I went to 2 events -
Sunbathers, Tonight the Summer's Over
I listened to readings by Rory Waterman and Roy Marshall, who've both had books out recently. They're both personable family people with lively senses of humour (though the latter doesn't come out in their poetry as much as one might expect). They complement each other well - at times their styles overlap, though they've taken different routes to poetry (Roy was a "delivery driver, gardener and coronary care nurse, amongst other occupations"; "Dr Waterman lectures in English Literature and Creative Writing", and his father was a poet). I'm not a very patient poetry listener, but I could have handled more from both of them. Rory read the poems that I most like from his book - "Navigating", "Family Business", "To Help the Birds through Winter" etc. Roy gave us some poems from his book, which I bought (the first print run's already sold out!).
They're both active on the poetry scene, the kind of people whose success restores one's confidence in poetry's meritocratic claims. Rory co-edits "New Walk" and has appeared in some prestigious places recently (Times Literary Supplement, the Guardian, the Financial Times). I see Roy's name in many of the publications (paper and Web) that I read. The Acknowledgements page of his recent book mentions over 20 publications, and it's worth keeping eyes on his blog.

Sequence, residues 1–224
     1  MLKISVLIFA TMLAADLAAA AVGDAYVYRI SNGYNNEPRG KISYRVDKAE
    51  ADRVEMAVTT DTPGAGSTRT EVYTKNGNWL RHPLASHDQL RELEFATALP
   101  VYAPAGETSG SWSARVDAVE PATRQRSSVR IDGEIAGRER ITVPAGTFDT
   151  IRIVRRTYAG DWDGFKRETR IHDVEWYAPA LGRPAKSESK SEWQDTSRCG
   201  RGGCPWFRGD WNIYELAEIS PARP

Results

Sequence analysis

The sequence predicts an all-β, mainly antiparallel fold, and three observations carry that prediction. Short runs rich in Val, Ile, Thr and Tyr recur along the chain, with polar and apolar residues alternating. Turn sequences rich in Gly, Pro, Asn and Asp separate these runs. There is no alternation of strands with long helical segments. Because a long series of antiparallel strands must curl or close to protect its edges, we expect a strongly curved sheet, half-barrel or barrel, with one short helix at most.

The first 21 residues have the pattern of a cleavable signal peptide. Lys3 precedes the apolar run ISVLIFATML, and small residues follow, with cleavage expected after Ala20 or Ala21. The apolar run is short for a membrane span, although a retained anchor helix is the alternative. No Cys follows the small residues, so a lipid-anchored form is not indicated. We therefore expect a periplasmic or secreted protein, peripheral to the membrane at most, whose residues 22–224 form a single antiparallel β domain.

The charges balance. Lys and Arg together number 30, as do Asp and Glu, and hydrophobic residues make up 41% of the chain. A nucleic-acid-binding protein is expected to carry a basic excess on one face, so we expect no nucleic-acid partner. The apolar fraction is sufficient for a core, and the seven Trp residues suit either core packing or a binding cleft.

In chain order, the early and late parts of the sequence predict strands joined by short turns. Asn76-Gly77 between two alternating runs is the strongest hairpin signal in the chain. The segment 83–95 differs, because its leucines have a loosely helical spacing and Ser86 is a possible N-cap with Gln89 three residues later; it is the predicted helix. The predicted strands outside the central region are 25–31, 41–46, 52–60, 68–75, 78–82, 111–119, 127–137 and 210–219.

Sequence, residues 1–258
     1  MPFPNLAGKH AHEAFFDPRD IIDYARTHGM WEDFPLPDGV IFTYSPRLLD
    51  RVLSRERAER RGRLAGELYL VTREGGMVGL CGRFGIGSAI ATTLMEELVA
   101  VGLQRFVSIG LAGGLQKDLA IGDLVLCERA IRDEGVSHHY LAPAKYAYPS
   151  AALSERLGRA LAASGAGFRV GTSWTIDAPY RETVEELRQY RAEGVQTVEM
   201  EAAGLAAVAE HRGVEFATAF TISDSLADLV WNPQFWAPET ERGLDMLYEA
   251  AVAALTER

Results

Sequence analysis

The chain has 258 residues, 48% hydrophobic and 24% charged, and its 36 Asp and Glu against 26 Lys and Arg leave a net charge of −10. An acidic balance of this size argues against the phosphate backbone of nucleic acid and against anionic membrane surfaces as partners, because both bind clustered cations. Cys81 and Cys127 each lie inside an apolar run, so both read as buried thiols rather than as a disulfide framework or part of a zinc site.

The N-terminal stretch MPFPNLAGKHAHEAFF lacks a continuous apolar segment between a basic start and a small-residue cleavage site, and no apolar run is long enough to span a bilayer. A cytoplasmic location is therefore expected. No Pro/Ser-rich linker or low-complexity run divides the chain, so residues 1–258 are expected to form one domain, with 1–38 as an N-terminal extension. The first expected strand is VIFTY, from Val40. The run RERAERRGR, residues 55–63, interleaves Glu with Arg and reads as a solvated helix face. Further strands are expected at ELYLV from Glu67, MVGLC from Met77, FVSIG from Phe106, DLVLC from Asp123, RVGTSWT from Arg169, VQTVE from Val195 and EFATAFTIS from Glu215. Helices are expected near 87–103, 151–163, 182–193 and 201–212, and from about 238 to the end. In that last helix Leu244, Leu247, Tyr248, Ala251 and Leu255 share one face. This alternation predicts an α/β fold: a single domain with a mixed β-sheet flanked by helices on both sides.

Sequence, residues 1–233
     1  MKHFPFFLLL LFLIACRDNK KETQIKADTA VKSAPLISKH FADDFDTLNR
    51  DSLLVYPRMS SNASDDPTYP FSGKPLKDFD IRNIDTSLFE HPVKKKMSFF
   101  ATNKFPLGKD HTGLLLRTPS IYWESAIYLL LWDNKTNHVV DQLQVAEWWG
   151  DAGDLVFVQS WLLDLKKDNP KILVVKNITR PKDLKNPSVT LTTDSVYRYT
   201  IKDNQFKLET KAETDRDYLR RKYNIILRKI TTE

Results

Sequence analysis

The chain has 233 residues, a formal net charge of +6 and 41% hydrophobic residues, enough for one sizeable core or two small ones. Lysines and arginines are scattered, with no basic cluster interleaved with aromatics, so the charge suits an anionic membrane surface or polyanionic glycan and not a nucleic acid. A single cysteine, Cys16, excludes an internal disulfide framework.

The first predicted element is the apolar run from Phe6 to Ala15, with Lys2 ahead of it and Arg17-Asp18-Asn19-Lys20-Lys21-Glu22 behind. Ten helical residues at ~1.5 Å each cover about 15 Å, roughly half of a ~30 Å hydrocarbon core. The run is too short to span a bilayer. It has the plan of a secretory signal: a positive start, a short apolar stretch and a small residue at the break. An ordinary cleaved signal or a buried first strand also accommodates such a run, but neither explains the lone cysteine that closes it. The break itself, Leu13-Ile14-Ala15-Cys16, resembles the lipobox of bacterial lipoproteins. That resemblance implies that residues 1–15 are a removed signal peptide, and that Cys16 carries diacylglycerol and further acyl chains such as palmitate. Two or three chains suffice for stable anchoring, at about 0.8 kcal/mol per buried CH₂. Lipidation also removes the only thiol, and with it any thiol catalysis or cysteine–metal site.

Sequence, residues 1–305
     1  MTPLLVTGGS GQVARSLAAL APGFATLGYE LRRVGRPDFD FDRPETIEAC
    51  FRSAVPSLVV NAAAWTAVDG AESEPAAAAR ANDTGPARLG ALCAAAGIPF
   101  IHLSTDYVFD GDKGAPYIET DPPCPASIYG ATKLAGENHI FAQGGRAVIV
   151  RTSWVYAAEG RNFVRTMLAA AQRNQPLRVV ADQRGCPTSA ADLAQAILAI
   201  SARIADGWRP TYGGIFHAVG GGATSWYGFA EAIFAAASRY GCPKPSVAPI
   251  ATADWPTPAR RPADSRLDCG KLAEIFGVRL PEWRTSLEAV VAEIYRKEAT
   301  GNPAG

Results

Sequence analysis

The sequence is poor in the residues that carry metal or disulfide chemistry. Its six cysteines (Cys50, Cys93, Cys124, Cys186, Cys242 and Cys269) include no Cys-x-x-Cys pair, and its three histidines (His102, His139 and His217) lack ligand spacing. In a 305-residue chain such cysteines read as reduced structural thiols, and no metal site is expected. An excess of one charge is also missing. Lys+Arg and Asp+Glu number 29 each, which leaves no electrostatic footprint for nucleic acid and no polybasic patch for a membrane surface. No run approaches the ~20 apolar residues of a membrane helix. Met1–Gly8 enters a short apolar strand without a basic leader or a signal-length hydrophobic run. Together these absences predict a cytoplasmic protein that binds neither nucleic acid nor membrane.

Reading and Publishing Digital Literature
David Devanny and David Boyes talked about electronic literature. Amongst the points they made were -
- Some people exclude plain e-books from electronic literature, insisting that there be some random/game/choice element, or some use of the WWW.
- Language as Gameplay: toward a vocabulary for describing works of electronic literature by Brian Kim Stefans was recommended
- Stud Poetry by Marko Niemi was shown. It's a commonly shown example
- Money - the "games model" (offering 3 chapters free, for example) works better for fiction than poetry
- Amazon claim that people buy more paper books after they've got a Kindle
- Poets aren't likely to be good coders and artists too, so collaborations are likely
- Readers might not get the most from works unless they look at the code
- Hypertext might not be dead but in itself it's not the answer
- Each interesting new work might almost be a new genre - i.e. necessarily avant-garde
- See Electronic Literature Collection 1 and Electronic Literature Collection 2 for examples
- David Boyes is putting together Blast 2014